A Part of the Herd: Getting into DEERS

Sitting in my car, I wait for my wife to come pick me up. I fiddle with the radio station, tuning out whatever station comes in, seeking “Soundtrack to my life” anthem music to no avail.  It’s a ritual I’m used to, and like any habit, it is a mixture of bittersweet: more bitter than sweet. This was to be the last time I would be on the outside, looking “in” at the military gate.

Usually I am out of the car, peering wistfully at the booth where the MP checks ID’s, averting my eyes from traffic that flows in and out like the tide. I pretend I am on a geological survey and that the particular gravel along this stretch of curb is of rare fascination, striations surely worthy of a thesis paper. Soon I am overcast in gloom, realizing how awkward and silly I look: a 42 year old woman who has to wait to be picked up by her wife because she isn’t allowed in on her own volition. Today it is different.

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We awaited our DEERS Military ID appointment, with me gripping the edge of my seat. Four soldiers filed past me, determined to see the clerk behind me. I couldn’t help but to overhear the soldier’s plea to the lady at the DMPO counter. “But I don’t understand why we can’t get processed. This affects our marriage and our rights.” He said. I could discern from the feigned ignorance, this lady was not going to budge, and trotted out the excuse, “Well, we didn’t get an email or authorization from this. As soon as Indianapolis tells us to go ahead, we will, but…” while in the soldier’s desperation, he fumbled to find the right question that would unlock this illogical puzzle. Inwardly, I began to spiral, unable to turn around. I wasn’t sure I heard everything correctly, and of course, I was in no position to help. We have waited so long for this moment to finally be part of the herd, only to be led astray again.

My wife came back from the restroom, noting my look of panic. She is used to seeing this look on me. It is one of my most common looks next to hysterical, maniacal, and pensive.  If she married me for my looks, these weren’t the winners.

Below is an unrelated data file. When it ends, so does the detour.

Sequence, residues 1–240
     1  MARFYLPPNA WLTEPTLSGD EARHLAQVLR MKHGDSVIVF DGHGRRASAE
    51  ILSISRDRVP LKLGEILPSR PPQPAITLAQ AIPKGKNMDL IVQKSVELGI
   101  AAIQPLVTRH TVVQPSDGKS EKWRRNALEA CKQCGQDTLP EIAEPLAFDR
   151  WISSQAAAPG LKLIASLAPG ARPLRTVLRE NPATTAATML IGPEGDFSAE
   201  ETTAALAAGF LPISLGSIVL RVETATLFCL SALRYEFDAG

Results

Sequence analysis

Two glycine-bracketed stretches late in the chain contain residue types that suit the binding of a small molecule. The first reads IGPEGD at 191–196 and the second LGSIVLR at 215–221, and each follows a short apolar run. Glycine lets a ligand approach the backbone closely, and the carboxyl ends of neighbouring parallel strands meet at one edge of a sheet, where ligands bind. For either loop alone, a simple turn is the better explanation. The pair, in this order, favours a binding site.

We were called next, by a very overworked gentleman who had “checked out” emotionally back in ’92, pending late fees. We timidly sat down where we were informed matter-of-factly that another couple before us wasn’t able to be processed for ID’s because the computer wasn’t cooperating. Apparently, there was still a kick-back message stating it did not know how to wrap its circuitry around the algorithm of “wife and Wife” or “husband and Husband”.

A few uncontested moments later, and 1 photo, and we were issued my first Military ID. Well, my temporary photo ID was better in Korea, but this is permanent. No more waiting outside the gate year after year, pretending to do geological rock surveys of the street gravel. No more waiting in the car with the windows cracked while my honey goes to the commissary. No more class 7 “Sneetchery” where those with Stars upon thars get to have access to health-care, daycare, access to the gym, and dry cleaning with Free Insanity Zumba workouts.

As we walked out of the office, we approached the 3 soldiers still waiting for their friend and my wife asked if he was still having trouble getting DEERS.

“He’s still in there.”

“We went to that window over there. Ask for Mr. Grey. He knows how to handle this delicate situation.”

It still feels surreal, having a real and tangible proof in laminated plastic of your acceptance into the herd. It’s a feeling I could get used to.

*** I have a very special group to thank for their love, support, and the ability to move mountains: AMPA (American Military Partner Association)  They have been the best source of strength and support for LGBT Military Service members and their spouses and I couldn’t have made it without them.  www.militarypartners.org

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